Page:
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The West Coast Electric Highway in Oregon and Washington makes up about nine percent of the country's EV charging stations. Located along I-5, Highway 101 and other highways, Oregon offers 43 DC quick chargers, while Washington has 14. Chargers are located every 20 to 25 miles along the network, with plans to extend the Electric Highway from Canada all the way to Mexico. Between March 2012 and April 2014, drivers used public chargers 17,917 times in Washington and 18,522 times in Oregon, according to the US Energy Information Agency. Read more at Green Car Reports and at The Register-Guard.

Nissan says Leaf drivers in Europe clock about 40 percent more miles on average than gasoline and diesel cars. Using the Leaf's CarWings telemetry, Nissan has found that Leaf drivers average 198 miles per week, or about 10,307 miles per year. Drivers using traditional fossil fuels only drive an average of 138 miles per week, or 7,170 miles a year. Nissan has sold more than 31,000 units of the Leaf in Europe, with more than 150,000 sold worldwide. "Our customers frequently tell us that they buy the Nissan Leaf as a second car, but end up using it far more than their other vehicle," says Jean-Pierre Diernaz, Nissan's European EV director, "and the information we receive from CarWings reinforces that message." Read more in the press release below.

Gogoro's electric Smartscooter, which uses a battery swap system, debuted at the 2015 Consumer Electronics Show in Las Vegas. The Smartscooter features a racing suspension, a connected mobile app, a suite of sensors and a host of customization options. What makes the Smartscooter really interesting, though, is its battery swapping network. The 20-pound batteries are traded at small stations - essentially vending machines - in a matter of seconds, so worries about charging times are nonexistent. The battery stations could also be used by utilities for energy storage to help balance grid loads when they're not being used to power electric travel. See the Smartscooter in the video below and read more at Wired.
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Nissan's electric car drivers cover more miles than the average petrol or diesel vehicle

- European Nissan LEAF drivers travel more than 40 percent further a year than the average diesel or petrol car in Europe*
- Over 31,000 Nissan LEAFs have been sold in Europe to date, and 150,000 sold globally
- CarWings telemetry reveals that LEAF drivers are ahead of the European Transport average for car mileage

London, UK, 08 January 2015: Today, Nissan reveals that European owners of its 100 percent electric car, the Nissan LEAF, travel more than 40 percent further per year (10,307 miles) than the European average for a traditional internal combustion-powered vehicle (7,170 miles¹).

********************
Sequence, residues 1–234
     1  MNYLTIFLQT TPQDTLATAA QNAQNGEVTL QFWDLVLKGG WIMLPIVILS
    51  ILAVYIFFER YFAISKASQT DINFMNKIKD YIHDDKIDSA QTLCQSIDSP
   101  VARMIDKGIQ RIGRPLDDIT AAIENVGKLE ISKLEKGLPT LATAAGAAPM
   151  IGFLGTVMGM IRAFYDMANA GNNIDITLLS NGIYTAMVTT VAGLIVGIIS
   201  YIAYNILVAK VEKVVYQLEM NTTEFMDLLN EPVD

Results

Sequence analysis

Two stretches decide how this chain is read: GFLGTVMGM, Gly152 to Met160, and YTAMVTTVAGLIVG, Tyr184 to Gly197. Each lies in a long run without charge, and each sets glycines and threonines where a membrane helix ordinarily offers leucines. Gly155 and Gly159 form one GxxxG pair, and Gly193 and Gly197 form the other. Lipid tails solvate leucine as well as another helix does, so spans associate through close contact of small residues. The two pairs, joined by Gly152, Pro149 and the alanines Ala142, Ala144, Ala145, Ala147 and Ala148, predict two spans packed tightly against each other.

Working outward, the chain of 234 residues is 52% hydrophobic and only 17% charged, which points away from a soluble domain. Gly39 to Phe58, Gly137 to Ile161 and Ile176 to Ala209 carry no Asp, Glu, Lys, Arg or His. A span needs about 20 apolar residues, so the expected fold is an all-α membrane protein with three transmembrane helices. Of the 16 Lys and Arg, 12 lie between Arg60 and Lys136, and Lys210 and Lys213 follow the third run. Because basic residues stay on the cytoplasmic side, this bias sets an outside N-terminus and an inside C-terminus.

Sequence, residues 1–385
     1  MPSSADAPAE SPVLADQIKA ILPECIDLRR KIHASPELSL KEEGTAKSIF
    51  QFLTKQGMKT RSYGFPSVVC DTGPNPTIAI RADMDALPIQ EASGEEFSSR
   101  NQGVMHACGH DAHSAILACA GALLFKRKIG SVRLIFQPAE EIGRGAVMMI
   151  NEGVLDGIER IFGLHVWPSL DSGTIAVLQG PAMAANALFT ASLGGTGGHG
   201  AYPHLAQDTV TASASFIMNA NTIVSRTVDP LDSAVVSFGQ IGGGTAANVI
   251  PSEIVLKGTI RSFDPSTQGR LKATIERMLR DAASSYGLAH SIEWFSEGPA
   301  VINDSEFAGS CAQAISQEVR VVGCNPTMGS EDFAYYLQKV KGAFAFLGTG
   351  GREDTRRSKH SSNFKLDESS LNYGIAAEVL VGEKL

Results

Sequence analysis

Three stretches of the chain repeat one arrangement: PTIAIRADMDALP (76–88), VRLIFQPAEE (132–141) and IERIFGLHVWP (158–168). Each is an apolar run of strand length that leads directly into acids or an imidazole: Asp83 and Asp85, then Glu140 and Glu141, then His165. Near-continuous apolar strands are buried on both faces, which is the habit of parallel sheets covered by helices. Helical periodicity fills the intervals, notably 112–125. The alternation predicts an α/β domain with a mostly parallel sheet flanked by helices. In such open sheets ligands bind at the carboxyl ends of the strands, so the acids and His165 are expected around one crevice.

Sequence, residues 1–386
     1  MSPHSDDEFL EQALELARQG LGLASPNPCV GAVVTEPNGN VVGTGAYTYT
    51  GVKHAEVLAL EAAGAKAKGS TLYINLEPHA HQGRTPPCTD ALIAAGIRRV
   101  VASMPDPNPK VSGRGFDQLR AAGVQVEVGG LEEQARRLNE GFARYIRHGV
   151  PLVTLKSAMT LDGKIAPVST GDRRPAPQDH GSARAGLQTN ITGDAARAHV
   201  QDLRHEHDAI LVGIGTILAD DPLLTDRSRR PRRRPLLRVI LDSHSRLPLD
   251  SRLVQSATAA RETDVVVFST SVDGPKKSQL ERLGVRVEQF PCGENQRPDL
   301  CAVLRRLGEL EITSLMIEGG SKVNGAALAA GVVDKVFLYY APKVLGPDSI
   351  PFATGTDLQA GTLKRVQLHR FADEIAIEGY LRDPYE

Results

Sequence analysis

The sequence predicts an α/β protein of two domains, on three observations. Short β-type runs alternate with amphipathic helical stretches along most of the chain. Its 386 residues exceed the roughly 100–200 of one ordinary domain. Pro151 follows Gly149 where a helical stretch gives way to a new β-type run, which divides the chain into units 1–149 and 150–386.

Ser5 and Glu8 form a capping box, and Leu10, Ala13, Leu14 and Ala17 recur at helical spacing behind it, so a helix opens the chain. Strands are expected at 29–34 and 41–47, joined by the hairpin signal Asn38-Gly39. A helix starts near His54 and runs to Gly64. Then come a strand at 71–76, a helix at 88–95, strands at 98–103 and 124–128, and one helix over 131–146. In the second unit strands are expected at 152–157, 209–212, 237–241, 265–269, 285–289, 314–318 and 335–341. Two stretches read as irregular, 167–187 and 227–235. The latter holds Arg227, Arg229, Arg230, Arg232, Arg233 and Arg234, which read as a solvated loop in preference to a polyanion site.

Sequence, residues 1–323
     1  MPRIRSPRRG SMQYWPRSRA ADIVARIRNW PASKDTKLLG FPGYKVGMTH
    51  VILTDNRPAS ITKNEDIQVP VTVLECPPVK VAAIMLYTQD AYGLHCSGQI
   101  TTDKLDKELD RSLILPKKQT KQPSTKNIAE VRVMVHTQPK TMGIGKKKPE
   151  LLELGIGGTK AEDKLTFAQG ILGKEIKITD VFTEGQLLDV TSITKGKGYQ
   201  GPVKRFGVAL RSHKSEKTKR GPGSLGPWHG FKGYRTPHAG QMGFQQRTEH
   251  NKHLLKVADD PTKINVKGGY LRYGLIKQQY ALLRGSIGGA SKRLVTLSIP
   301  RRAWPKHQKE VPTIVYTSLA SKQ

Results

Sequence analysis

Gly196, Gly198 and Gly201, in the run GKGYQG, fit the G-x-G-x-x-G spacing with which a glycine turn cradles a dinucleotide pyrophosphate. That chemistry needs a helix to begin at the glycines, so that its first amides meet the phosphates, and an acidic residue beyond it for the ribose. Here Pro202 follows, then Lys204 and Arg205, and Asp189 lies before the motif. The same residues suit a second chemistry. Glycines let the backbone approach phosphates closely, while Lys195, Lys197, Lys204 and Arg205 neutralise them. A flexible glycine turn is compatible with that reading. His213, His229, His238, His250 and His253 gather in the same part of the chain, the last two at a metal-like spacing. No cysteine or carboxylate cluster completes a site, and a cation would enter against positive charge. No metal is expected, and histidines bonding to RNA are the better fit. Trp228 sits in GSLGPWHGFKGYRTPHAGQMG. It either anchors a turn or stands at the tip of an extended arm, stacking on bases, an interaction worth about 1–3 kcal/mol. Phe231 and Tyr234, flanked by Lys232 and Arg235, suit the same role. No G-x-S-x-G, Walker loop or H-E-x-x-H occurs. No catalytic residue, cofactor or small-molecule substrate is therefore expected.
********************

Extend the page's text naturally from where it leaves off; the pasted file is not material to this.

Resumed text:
Spanish Nissan LEAF drivers come out on top, covering on average more than 228 miles each week, Swedish drivers (211 miles) come second and the UK third with 201 miles.

Country Total Miles Recorded Per Week (LEAF) Total Miles Recorded Per Annum (LEAF)
Spain 228 11,858
Sweden 211 10,954
UK 201 10,468
Norway 197 10,242
Italy 190 9,854
France 188 9,790
Germany 173 9,014

According to the latest figures, drivers of traditional petrol or diesel powered cars covered an average of 138 miles per week.

Thanks to the CarWings telemetry in the LEAF, which records real life driver data, Nissan has been able to report that its European drivers amass on average 198 miles a week in their LEAF* all without any exhaust emissions.

Further research from the automaker indicated that 89 percent of LEAF drivers charge overnight at home, benefiting from a cost per mile of just two pence or less†.

This insight into LEAF driver habits, comes just four years since the car's launch, in 2010, as one of the first mass-market, pure-electric vehicles. It is now the best-selling electric vehicle in history, with over 150,000 LEAF vehicles sold globally, more than 31,000 of which have been sold in Europe. The launch follows on from the success of the Nissan LEAF, its all-electric car, which has collectively clocked up an impressive one billion kilometres worldwide*.

Jean-Pierre Diernaz, Director of Electric Vehicles for Nissan in Europe, said: "Since the beginning we have said that the Nissan LEAF is much more than just a city car or second car and now we can show the data that proves this. Our customers frequently tell us that they buy the Nissan LEAF as a second car, but end up using it far more than their other vehicle and the information we receive from CarWings reinforces that message.

"The customers tell us this is because the car has very low fuel and servicing costs and that along with the smooth, almost silent ride of the Nissan LEAF make it difficult to go back to a diesel or petrol car."

Nissan recently added to its all-electric line-up with the launch of the e-NV200, a zero-emission, compact city van. For further information, please visit: http://www.nissan.eu/.

* Totals based on Nissan's Global Data Center (GDC) as of 30.09.2014 (UTC). The average is gathered only from Nissan LEAF vehicles registered with CarWings, approximately 54% of total sales. Data used is from 01.04.14 - 30.09.14

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